A new neighborhood, from scratch
It’s being touted as Dayton’s Imagination District, and it’s literally being drawn, one idea at a time, on an empty canvas.
Thanks to a $10.5 million investment by Premier Health and the University of Dayton and spurred by 1,300-plus ideas from Daytonians from all walks of life, an ambitious vision for the 38-acre former Montgomery County Fairgrounds is taking shape. Dubbed onMain, Dayton’s Imagination District, the property will be transformed into a walkable, welcoming urban neighborhood with a vibe.
“We think this can be a place that represents the best of innovation and creativity, a place with a collaborative spirit,” Jamie Greene, principal of Planning NEXT, told approximately 150 people at a public workshop at the University of Dayton June 27. “This is not a retail destination or just a residential destination. It’s a place to live and work.”
As next steps, the onMain project team will apply for a rezoning of the property from open space to a mixed-use district and seek private developers and funding, said Buddy LaChance, CEO of the joint venture. This summer, a late 19th century horse barn will be relocated to Carillon Park, where it will be used to tell the history of the Montgomery County Fairgrounds, as other barns are removed and the property readied for redevelopment.
Though there’s no timeline for the first phase of construction, the initial project is envisioned as a “catalytic building” called “Think Dayton” at the corner of Main and Stewart streets that would focus largely on medical research and development, education and training — and spark other development in onMain. In all, it may take 10-15 years to build out the property with offices, housing, restaurants and shops.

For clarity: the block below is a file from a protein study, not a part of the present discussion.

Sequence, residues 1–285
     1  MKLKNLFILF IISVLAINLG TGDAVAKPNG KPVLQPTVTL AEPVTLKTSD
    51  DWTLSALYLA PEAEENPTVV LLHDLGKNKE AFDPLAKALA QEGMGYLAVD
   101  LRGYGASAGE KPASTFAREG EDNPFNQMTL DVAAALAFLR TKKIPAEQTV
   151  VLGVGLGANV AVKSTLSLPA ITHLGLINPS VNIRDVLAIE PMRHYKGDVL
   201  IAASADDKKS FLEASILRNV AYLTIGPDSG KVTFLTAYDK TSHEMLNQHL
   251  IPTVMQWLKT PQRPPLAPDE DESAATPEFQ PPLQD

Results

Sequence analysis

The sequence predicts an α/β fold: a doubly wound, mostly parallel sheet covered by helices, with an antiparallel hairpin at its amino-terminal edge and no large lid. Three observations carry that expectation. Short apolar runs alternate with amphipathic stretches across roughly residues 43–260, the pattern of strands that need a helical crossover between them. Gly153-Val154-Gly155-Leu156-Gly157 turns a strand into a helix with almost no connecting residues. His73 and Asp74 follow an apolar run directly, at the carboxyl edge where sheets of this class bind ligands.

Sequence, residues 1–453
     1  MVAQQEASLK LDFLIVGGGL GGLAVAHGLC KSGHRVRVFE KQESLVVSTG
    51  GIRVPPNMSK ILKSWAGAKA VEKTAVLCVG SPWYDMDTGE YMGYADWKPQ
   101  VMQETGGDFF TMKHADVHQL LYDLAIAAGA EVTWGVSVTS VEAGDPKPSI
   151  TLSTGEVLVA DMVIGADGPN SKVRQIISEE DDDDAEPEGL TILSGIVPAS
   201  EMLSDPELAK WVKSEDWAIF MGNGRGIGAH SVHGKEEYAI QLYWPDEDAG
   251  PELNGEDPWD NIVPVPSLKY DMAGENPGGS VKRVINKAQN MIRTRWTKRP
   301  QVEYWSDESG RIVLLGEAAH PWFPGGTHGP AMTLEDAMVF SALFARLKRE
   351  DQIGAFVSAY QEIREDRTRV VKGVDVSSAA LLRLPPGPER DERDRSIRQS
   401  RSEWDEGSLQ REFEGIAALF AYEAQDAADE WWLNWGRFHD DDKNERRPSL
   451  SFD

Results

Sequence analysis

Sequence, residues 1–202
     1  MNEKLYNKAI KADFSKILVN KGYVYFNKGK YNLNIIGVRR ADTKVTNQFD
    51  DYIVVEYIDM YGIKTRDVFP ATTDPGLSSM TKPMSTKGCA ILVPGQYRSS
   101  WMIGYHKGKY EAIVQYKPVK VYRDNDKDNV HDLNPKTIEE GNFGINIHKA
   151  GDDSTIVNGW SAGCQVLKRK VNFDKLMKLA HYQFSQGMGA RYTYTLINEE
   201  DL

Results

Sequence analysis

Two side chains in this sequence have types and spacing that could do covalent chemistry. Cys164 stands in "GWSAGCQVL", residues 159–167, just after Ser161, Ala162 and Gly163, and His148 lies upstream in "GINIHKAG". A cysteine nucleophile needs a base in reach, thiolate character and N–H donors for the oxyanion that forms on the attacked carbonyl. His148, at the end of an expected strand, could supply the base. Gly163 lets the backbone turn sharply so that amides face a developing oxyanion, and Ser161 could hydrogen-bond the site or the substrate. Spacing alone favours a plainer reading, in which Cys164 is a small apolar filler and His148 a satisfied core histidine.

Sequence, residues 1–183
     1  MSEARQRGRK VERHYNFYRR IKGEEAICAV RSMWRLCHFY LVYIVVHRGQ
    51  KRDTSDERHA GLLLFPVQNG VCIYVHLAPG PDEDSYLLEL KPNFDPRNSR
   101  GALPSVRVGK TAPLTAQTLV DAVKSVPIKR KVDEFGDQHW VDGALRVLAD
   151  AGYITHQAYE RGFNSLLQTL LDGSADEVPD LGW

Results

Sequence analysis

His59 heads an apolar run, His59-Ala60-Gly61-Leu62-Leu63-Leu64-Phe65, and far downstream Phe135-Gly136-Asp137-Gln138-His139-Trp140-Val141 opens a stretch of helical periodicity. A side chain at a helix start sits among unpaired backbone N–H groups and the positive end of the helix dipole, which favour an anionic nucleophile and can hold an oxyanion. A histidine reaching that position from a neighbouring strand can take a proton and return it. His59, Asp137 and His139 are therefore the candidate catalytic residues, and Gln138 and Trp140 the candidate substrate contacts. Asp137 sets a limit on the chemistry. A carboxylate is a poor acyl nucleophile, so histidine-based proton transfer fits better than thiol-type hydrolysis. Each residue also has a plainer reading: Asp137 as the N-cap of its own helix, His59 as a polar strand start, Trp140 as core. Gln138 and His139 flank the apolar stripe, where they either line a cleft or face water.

As participants at the public forum viewed preliminary design schematics that showed options for buildings, streets, plazas, green space, urban agriculture and water features such as rain gardens and a splash park, they jotted down suggestions on large sheets of paper.
Some wanted more green space than the four acres dedicated in the plan. Others suggested solar tile roofs for the proposed buildings and housing. One wanted curved benches in outdoor settings to spark more casual conversations. Many appreciated recommendations for public art throughout the development and the proposed restoration of the historic Roundhouse as “Dayton’s living room” — a community gathering space for festivals and events.
The enormous level of community interest in the redevelopment of the property doesn’t surprise the urban planners.
“There’s an emotional attachment to the place,” Greene said. “Folks want a good-news story, and this effort is inspiring. It’s a genuine commitment by two anchor institutions (UD and Premier Health), justified by how important it is to be a good community contributor.”
The next public forum is slated for Aug. 1. For more details on the initiative, visit onMain.